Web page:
Situated in the town of that name in South Lanarkshire this is a castle of more than average interest.
Strathaven stands on a mound at the foot of which a burn runs in a deep crevice.
The castle is 70 feet in length with a round tower, 4 storeys high. There is a projecting wing at the rear. Standing on a beautifully fashioned ashlar base the rubble walls are up to 7 feet in thickness - though those of the gun looped round tower are much thinner suggesting that this may be later. A diminutive doorway in this tower is so low that one has to crouch to enter. This would seem to be an original feature.
An 18th century engraving shows a parapet projecting on bold corbelling creating an extremely striking feature. At the same time it was recorded that the barmkin was 5 ft in thickness (it stood where the present road runs past).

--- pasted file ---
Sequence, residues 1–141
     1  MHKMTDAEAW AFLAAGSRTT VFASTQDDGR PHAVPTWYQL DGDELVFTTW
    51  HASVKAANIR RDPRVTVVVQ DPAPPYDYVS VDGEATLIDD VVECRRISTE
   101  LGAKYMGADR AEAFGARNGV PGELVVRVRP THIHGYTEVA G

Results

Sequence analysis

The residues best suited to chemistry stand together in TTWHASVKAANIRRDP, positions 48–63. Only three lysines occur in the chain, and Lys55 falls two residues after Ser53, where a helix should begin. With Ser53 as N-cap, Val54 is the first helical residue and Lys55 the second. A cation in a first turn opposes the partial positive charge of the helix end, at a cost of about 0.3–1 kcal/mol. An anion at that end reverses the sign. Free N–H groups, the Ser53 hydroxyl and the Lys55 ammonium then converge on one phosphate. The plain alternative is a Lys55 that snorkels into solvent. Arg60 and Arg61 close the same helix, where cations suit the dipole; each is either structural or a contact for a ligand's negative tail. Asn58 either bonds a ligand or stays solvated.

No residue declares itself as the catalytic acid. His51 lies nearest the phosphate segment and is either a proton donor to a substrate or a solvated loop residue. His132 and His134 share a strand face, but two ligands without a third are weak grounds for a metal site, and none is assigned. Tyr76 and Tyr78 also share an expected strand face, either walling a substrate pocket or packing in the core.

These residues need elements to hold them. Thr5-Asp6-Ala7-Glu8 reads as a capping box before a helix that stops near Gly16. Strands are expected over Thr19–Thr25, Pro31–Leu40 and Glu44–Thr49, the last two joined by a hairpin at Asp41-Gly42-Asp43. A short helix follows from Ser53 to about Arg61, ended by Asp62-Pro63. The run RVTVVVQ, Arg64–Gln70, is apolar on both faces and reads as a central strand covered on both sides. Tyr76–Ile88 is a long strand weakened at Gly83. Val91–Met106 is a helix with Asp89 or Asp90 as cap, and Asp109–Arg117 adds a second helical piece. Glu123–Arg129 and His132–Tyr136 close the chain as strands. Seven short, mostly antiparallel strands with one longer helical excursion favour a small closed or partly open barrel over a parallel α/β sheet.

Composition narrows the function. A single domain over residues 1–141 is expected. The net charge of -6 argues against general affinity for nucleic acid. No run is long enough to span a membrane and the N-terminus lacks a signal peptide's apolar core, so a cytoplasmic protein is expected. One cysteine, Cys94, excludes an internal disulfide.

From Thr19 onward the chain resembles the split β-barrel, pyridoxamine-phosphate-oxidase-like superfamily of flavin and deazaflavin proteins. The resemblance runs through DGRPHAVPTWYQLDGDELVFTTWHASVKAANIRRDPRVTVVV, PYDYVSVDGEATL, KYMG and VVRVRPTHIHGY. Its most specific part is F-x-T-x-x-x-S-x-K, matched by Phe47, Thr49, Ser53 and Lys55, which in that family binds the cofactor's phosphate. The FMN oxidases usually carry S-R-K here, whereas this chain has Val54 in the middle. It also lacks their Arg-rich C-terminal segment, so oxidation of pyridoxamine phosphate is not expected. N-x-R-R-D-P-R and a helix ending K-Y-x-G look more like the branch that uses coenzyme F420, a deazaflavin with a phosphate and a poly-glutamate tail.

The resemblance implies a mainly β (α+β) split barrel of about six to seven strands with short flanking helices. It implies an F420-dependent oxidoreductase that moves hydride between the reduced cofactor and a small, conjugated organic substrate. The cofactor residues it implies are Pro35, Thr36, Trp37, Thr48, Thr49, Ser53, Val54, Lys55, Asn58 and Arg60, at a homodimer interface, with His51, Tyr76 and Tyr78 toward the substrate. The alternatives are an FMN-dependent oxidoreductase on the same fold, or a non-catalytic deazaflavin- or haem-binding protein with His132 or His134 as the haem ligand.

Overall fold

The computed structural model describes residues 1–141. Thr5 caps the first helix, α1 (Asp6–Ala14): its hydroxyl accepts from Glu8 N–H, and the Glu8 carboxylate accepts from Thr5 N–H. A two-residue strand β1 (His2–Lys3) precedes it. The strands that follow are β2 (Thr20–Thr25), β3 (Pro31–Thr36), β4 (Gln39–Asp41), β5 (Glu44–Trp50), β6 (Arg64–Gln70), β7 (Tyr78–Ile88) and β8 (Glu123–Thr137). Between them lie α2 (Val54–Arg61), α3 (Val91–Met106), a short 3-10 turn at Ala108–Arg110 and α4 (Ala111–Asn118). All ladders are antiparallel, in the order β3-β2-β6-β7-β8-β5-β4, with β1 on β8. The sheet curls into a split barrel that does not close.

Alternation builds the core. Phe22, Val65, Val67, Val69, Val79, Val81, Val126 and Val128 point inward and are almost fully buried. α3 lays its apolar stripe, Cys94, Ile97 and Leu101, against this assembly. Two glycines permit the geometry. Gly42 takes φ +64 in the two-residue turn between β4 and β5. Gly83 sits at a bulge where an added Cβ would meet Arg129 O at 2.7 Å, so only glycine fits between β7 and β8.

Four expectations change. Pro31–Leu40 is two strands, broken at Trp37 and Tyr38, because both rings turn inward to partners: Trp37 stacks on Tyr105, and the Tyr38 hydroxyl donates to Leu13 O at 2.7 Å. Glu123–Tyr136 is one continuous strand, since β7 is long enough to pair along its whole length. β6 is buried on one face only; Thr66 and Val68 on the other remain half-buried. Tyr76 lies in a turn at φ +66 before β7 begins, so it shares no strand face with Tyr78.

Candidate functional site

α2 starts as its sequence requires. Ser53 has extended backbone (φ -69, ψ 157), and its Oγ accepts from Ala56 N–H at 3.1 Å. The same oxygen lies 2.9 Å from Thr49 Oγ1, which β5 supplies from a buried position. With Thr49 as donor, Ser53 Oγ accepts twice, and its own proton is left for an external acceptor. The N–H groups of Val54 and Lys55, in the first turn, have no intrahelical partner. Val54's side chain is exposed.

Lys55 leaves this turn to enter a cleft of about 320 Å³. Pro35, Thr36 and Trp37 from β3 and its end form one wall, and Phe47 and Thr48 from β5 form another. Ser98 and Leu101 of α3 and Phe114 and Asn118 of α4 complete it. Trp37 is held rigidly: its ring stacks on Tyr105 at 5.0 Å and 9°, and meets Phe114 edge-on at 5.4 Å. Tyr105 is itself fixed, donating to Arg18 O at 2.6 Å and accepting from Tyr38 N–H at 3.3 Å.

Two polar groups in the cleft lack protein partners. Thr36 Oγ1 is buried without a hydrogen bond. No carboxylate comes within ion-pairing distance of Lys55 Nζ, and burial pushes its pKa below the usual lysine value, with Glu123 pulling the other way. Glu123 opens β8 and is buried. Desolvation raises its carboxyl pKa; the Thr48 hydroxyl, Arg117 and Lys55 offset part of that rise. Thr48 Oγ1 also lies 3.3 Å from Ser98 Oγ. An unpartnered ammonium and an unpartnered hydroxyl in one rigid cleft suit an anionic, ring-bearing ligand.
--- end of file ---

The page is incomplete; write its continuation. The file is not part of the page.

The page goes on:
Professor Charles McKean postulates that the remains are only part of a larger building and that the original would have constituted a handsome 'chateau'.
This did not preserve Strathaven from evil hands, first in 1716 and then critically in the late 1960s when the town wished to demolish the entire building. It was pointed out that the cost to demolish would match that to consolidate so it gained a reprieve. The work, however, was carried out in a cack handed manner.
Strathaven originally faced the church and was hemmed in by narrow streets. Time (and town planners) have not dealt kindly with it.
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View our extensive collection of castle postcards (circa 1900).